500 Days Of Film Reviews 2017's Best Cinematic Displays Of Bravery
Cinema loves a tale of bravery. So much so that courage under fire is almost a genre in its own right. Bravery, of course, comes in all different shapes and sizes - from intimate stories of individual courage - such as found in Wonder, Gleason and Denial - to historic acts of heroism like those depicted in Dunkirk.
To honour these stories (whether they are true stories or inspired by real events), here are ten of 2017’s bravest films.
Only The Brave
Based on Sean Flynn’s fascinating GQ Article "No Exit", Only The Brave tells the true story of the Granite Mountain Hotshots - incredibly brave firefighters who run towards danger when most of us would run away. Joseph Kosinski’s film (starring Josh Brolin, Miles Teller, Jeff Bridges and Jennifer Connelly) follows the hotshots as they face 2013’s ferocious Yarnell Hill fire.
First They Killed My Father
Angelina Jolie’s film, First They Killed My Father, portrays the stunning bravery of Loung Ung who was just five years old when Khmer Rouge soldiers stormed into her native city of Phnom Penh, Cambodia. Four years later, an estimated 1.7 million Cambodians had died - about a quarter of the population.
Forced to leave her home, Loung and her family suffered unimaginable hardship and heartbreaking tragedy. However, Loung’s strength and indomitable spirit enabled her to carry on through the violence and devastating loss - determined to tell her story so that those dark days in Cambodia could never be forgotten.
During World War II, 400,000 brave Allied troops found themselves surrounded by the German army and trapped on the coast of Dunkirk. With their backs to the sea and the enemy closing in, the chances of survival were bleak.
However, just when all hope seemed lost, a courageous flotilla of small boats - manned by both the military and civilians - came to their rescue. Against all the odds, 338,226 soldiers were saved.
R.J. Palacio’s bestselling book was inspired by a real event in the author’s life. One day, while out for ice cream with her children, Palacio saw a child with craniofacial difference. She started to imagine what life must be like for that child - and soon Wonder's Auggie Pullman was born.
While reviews of Mel Gibson’s film have been mixed, no one could question the bravery of Private Desmond Doss (played here by Andrew Garfield). In Okinawa, during one of the bloodiest battles of World War 2, Doss saved 75 men without firing or carrying a gun.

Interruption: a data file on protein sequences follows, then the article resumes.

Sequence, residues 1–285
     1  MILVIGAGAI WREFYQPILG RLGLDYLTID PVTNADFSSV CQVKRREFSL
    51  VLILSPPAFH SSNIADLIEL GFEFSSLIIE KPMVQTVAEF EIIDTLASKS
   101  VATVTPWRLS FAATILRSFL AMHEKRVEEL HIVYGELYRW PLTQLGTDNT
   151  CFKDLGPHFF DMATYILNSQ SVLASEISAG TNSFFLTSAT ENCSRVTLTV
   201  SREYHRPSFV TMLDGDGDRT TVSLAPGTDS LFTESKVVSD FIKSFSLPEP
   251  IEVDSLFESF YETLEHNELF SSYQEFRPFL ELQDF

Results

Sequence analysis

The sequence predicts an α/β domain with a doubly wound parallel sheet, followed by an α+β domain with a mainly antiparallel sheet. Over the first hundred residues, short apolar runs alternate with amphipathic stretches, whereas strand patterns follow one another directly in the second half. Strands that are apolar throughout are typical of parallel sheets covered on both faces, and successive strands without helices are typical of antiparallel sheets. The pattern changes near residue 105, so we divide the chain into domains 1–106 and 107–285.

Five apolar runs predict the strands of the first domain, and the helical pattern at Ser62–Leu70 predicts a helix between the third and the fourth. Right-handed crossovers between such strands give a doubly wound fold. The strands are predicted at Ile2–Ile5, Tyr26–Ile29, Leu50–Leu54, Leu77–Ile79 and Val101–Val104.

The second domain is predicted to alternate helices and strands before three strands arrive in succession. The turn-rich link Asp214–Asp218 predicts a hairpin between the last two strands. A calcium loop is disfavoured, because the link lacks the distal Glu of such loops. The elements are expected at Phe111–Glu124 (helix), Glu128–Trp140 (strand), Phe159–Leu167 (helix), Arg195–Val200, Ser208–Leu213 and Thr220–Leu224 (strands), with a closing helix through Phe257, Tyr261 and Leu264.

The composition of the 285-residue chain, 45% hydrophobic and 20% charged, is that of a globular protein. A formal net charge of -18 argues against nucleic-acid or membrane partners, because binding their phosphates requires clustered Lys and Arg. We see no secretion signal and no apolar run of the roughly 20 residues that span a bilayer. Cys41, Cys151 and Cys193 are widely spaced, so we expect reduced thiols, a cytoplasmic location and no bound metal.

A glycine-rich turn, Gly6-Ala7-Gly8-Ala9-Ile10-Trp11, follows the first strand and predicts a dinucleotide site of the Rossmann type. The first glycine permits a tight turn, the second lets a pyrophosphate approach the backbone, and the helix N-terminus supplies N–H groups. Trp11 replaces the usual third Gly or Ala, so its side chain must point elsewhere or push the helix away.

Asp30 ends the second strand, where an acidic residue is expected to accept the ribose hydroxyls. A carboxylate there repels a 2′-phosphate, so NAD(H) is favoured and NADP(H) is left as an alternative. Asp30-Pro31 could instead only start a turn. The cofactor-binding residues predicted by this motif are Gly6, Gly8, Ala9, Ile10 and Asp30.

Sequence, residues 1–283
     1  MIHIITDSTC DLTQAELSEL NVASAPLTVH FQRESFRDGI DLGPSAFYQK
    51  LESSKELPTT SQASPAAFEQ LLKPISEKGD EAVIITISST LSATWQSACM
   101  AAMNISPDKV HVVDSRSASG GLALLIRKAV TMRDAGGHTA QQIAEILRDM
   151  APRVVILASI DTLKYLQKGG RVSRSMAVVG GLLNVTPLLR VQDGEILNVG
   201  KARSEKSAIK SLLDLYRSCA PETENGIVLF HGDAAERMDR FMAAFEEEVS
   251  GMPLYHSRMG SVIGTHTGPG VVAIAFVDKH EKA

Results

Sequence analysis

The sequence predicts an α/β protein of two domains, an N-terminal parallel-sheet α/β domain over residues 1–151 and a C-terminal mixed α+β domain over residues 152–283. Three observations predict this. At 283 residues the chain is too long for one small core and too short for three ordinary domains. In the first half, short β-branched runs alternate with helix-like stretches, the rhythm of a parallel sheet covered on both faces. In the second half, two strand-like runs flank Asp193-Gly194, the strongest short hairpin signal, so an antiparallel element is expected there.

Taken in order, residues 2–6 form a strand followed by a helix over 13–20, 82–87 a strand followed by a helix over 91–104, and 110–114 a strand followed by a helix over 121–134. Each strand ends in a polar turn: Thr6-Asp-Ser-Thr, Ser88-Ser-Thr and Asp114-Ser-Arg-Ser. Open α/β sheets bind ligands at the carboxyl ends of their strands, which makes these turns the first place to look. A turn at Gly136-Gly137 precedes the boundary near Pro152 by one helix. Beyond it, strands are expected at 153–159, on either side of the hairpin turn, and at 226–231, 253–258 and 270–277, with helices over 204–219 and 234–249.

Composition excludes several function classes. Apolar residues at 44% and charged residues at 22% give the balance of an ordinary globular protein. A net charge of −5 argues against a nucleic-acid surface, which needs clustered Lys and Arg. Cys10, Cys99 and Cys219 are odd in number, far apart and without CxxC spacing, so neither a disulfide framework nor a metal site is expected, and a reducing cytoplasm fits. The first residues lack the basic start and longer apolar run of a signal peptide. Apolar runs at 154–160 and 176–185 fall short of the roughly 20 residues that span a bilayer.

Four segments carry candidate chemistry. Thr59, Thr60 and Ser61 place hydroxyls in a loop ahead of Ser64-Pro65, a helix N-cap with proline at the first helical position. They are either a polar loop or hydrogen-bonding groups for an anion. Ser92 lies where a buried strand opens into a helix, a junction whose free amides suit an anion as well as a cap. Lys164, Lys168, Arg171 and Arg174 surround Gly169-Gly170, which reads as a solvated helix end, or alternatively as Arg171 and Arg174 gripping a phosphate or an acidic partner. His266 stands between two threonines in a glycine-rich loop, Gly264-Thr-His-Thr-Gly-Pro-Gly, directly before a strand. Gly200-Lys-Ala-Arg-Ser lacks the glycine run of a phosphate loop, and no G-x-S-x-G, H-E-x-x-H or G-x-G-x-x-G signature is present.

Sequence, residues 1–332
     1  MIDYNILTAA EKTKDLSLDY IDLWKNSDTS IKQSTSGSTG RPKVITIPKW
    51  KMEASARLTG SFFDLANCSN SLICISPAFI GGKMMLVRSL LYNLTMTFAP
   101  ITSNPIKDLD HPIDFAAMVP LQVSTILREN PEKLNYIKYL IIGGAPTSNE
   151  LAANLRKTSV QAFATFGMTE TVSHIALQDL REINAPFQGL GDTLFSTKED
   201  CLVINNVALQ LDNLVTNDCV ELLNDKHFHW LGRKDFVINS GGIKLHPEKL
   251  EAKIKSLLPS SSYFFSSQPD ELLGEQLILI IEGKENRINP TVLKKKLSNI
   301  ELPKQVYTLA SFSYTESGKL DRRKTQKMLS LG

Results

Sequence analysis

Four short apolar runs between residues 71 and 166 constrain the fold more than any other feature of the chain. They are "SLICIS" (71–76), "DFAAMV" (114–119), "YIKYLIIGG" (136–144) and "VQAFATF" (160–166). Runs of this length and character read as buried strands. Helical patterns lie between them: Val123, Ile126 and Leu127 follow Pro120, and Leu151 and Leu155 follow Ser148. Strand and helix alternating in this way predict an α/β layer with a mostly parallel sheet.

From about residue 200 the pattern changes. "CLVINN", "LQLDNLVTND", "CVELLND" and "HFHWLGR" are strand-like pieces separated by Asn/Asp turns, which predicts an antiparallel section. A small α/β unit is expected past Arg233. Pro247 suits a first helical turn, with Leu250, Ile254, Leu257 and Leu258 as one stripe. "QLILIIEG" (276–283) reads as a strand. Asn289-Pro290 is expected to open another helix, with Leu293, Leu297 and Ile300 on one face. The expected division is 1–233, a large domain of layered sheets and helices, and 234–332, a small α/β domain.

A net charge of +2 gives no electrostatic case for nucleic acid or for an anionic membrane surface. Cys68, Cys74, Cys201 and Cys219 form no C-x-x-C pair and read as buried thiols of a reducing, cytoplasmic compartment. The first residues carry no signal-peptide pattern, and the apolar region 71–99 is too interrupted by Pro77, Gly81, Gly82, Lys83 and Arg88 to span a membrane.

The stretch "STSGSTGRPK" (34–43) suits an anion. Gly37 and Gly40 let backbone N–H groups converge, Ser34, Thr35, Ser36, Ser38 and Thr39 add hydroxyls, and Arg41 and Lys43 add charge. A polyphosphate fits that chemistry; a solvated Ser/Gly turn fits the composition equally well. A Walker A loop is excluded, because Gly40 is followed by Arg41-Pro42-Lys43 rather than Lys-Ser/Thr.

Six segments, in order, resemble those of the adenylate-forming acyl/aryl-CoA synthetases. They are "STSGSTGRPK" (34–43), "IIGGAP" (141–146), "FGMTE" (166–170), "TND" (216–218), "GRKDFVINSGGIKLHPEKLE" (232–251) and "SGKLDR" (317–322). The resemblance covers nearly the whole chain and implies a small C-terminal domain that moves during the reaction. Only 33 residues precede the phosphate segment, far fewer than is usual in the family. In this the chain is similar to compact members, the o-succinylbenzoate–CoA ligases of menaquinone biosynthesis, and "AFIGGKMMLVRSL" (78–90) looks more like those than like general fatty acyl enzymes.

The only American soldier in WW2 to fight on the front line without a weapon, Doss believed that while the war was justified, killing was wrong. As an army medic, Doss single-handedly evacuated the wounded from behind enemy lines and braved fire while treating soldiers. He was wounded by a grenade and hit by snipers.
Desmond Doss was the first conscientious objector (he preferred the term conscientious cooperator) to be awarded the Congressional Medal of Honor.
In 1996, American historian Deborah Lipstadt (Rachel Weisz) was accused of libel by David Irving (Timothy Spall) after she declared him to be a Holocaust denier in her book, Denying The Holocaust (published in 1993).
In England, the burden of proof falls upon the defendant in cases of libel. As a result, it was up to the courage of Lipstadt and her legal team - led by solicitor Anthony Julius (Andrew Scott) and barrister Richard Rampton (Tom Wilkinson) - to prove and honour the truth of the Holocaust.
Weeks after being diagnosed with ALS, former New Orleans Saints star defensive back Steve Gleason learnt that his wife Michel was pregnant with their first child. Determined to live his remaining years to their fullest, Steve went on an expedition to Alaska, created a foundation to help other ALS patients and embraced new technologies to help compensate for his deteriorating physical abilities.
Steve records his thoughts about life, parenthood and his hopes for his child in a deeply moving video diary. This diary not only reveals his own bravery and also the strength and courage of Michel.
The White Helmets
Amid the daily devastation of airstrikes on civilian targets in Syria, a group of brave and resilient first responders (called The White Helmets) risk their lives to rescue victims from the rubble. Orlando von Einsidel’s Oscar winning documentary short tells an inspirational human story about Syria's real life heroes who choose to save lives rather than take them.
On 1st August 1966, a sniper opened fire from the top floor of the University of Texas Tower, holding the campus hostage for 96 minutes. When the gunshots finally ended, 16 people were dead and three dozen more were left wounded.
Keith Maitland’s superb documentary, Tower, tells the untold stories of the witnesses, heroes and survivors of America’s first mass school shooting.
On 15 April 2013, two homemade bombs exploded near the finish line of the Boston Marathon. The blast killed three people and injured hundreds of others - many losing limbs.
Recreating these tragic events, Patriots Day also depicts the FBI investigation and dramatic manhunt for the two brothers responsible for the attack - Dzhokhar Tsarnaev and Tamerlan Tsarnaev.
Director Peter Berg shows how Boston responded to the attacks, revealing the city's inspirational bravery, solidarity and resilience.
Over To You...
What are your favourite films about bravery? Let me know in the comments section below or let’s chat over on Facebook or Twitter (@500DaysOfFilm).